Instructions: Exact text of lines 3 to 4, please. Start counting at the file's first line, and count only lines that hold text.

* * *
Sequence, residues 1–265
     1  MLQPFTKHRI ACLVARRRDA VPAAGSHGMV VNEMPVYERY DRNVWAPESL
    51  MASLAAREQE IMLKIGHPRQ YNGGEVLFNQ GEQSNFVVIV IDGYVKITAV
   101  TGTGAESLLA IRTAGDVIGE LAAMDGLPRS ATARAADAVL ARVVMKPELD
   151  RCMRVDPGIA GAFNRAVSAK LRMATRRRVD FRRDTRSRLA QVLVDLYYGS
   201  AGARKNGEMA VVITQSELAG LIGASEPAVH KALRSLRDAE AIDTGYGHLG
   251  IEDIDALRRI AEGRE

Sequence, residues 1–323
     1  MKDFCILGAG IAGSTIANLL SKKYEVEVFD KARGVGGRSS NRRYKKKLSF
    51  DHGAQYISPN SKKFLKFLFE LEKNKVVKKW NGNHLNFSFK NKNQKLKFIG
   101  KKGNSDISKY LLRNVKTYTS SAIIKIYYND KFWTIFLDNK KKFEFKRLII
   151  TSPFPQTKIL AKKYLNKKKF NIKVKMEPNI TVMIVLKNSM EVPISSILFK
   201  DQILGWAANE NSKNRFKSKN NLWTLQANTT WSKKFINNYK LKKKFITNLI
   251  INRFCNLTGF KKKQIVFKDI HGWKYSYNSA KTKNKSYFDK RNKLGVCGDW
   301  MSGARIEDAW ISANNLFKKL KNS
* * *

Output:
    51  MASLAAREQE IMLKIGHPRQ YNGGEVLFNQ GEQSNFVVIV IDGYVKITAV
   101  TGTGAESLLA IRTAGDVIGE LAAMDGLPRS ATARAADAVL ARVVMKPELD